Study to enhance communication for kids with severe speech, physical challenges

Communication Studies

Chuck Green, April 2, 2024

Study to enhance communication for kids with severe speech, physical challenges

Imagine being locked inside your own body, isolated and struggling to meaningfully connect and communicate with those around you.

Now imagine trying to cope with such isolation as a child.

For children with severe speech and physical impairments (SSPI), the lack of a reliable communication method has devastating impacts on their quality of life, well-being, medical care and social interactions.

As advanced computer technology becomes more routine in daily life, researchers and engineers are exploring new ways to link it with the human brain. This involves creating a direct connection between the brain and control of an external device.

Brain-computer interface, or BCI, is an emerging field of study that aims to enhance quality of life for people with SSPI, offering increased communication and personal autonomy.

Kevin Pitt, assistant professor of special education and communication disorders, is leading a three-year project that uses this cutting-edge technology to facilitate communication for children with SSPI. The project holds great potential to support children who find spoken forms of communication unavailable or inefficient, and face challenges with computer access.

With funding from the National Institutes of Health, Pitt and his team are refining clinical evaluation tools and assessments to enable BCI technology, with the goal to make them more accessible to children. This includes evaluating preferences for engaging BCI design and integrating BCI with existing augmentative and alternative communications (AAC) displays used with pediatric patients, such as photographic picture boards.

Approximately 97 million individuals worldwide have disabilities that require AAC techniques for communication support. While adult-based BCI-AAC research has laid a crucial foundation, studies have primarily focused on providing literate adults access to spelling-based systems. Unfortunately, this has left children with minimal or emerging language and literacy skills marginalized and unable to communicate using BCI-AAC tools.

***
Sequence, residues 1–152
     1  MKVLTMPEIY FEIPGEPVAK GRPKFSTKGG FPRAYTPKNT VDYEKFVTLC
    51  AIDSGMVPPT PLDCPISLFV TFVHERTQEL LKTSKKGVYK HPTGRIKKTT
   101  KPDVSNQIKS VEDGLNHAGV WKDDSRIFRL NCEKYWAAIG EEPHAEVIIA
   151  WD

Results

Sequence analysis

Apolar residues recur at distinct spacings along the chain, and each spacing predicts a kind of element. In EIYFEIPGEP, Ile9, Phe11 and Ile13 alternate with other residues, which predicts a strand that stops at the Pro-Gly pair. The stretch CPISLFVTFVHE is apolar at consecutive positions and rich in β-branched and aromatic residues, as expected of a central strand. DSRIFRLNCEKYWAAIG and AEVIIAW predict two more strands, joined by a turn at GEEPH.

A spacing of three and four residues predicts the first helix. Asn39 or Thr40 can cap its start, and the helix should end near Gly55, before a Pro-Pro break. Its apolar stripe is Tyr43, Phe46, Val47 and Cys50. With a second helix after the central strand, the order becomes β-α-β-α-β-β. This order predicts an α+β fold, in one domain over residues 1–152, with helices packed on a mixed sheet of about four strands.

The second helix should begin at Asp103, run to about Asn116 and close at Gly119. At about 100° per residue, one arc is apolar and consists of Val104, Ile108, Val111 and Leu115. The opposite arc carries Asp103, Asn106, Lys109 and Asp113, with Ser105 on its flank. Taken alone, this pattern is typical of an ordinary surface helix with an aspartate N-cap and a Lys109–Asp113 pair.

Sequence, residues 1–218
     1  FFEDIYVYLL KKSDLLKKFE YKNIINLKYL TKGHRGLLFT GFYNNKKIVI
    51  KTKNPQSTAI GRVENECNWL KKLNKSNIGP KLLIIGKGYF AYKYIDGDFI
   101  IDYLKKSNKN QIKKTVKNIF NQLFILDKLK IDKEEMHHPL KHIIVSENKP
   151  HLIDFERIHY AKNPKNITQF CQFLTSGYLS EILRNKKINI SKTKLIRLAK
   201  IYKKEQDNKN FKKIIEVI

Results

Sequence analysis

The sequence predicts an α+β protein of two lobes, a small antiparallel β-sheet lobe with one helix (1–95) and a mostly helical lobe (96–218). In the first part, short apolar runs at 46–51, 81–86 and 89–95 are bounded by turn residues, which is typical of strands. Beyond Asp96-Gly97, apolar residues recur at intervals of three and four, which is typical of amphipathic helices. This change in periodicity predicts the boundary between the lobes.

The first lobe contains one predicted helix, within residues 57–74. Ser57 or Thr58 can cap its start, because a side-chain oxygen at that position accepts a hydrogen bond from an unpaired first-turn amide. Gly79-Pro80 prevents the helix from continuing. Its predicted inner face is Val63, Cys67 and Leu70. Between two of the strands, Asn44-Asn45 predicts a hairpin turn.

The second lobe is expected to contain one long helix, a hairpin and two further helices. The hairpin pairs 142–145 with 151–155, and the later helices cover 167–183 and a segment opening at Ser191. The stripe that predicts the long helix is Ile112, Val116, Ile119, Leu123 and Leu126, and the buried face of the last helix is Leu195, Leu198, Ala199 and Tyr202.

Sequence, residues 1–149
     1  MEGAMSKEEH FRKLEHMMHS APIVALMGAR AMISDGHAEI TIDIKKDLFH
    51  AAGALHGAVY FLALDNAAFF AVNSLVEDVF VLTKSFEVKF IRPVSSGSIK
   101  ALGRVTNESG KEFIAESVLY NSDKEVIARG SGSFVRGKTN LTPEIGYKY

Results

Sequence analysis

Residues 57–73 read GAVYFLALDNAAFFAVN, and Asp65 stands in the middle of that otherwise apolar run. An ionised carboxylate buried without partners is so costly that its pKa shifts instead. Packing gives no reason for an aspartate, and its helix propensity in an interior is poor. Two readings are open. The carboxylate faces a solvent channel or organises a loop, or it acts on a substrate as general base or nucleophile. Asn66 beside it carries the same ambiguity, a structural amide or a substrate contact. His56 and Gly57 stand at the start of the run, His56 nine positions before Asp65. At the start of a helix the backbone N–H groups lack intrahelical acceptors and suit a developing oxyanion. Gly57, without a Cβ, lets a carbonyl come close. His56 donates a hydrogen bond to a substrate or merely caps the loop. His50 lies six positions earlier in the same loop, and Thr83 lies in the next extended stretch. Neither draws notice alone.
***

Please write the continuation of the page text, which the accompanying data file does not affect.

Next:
Using data from a 2022 pilot study of adults with SSPI — those living with spinal cord injuries, Parkinson’s disease, amyotrophic lateral sclerosis (ALS) and other severe physical impairments — Pitt tailored this project to focus on children.

“Children have been underserved in the BCI world, and only recently has research started ramping up to include them,” said Pitt, a research affiliate of the Nebraska Center for Research on Children, Youth, Families and Schools. “This project will help us better understand how to translate findings from adults to children, and how to implement BCI-AAC devices in the clinical setting.”

As with the pilot study, Pitt and his team are using the P300 BCI-AAC device — a communication tool that records brain activity through electrodes in a non-invasive EEG cap. The device reads electrical signals generated by the brain when the user identifies something as novel or different, enabling the user to select communication picture symbols via his or her brain activity.

Typically, to control the P300 BCI-AAC device, the user views letters or communication symbols on a display while they are highlighted for a short time. When the desired item is highlighted, the user’s brain emits an electrical spike detected by the BCI. This enables words and sentences to be communicated.

For this study, participants will view pictures instead of letters. Researchers will track users’ progress and learning with the P300 speller device, along with factors impacting their success and thoughts on how to make BCI-AAC designs fun and engaging.

Participants will include 40 typically developing children and 10 children with SSPI due to a diagnosis of cerebral palsy or muscular dystrophy, ages 8-12. Participants will try the BCI-AAC device in the Augmentative and Alternative Communication (AAC) Translation Lab in the Barkley Memorial Center on the University of Nebraska–Lincoln’s East Campus.

Each child will attend three sessions for P300 training. For the first two sessions, Pitt and his team will track BCI-AAC performance as participants complete a requesting task — a simple choice of selecting an item — and a play task using tic-tac-toe, in which they select two symbols to take a turn on the board.

Researchers will collect data on users’ speed and accuracy, and will also measure attention, memory, motor skills and motivation to use the system. In the third session, participants will identify system design preferences — what the children liked and what could be changed.

“For example, our current BCI system highlights the pictures using red flashes,” Pitt said. “However, if users like motion instead of red flashes — a bouncing ball, or a dog that looks up or wags his tail, for example — we can design new interfaces based on what children want, leading to better engagement and motivation. We want to make it look cool and engaging, but also make these devices easy to learn.”

The goal, Pitt said, is to extend the reach and accessibility of BCI technology to patients of all ages — and to explore ways to integrate BCI-AAC with existing clinical practices in clinics, hospitals and rehabilitation centers.

“This will help expand the technology to a population that has been underserved,” he said. “I’ve always been motivated by helping kids participate, play and interact within their environment. We are one of the few labs in the world starting to think about how to promote clinically oriented, person-centered BCI-AAC access for children.”

Learn more about this project in the CYFS Research Network.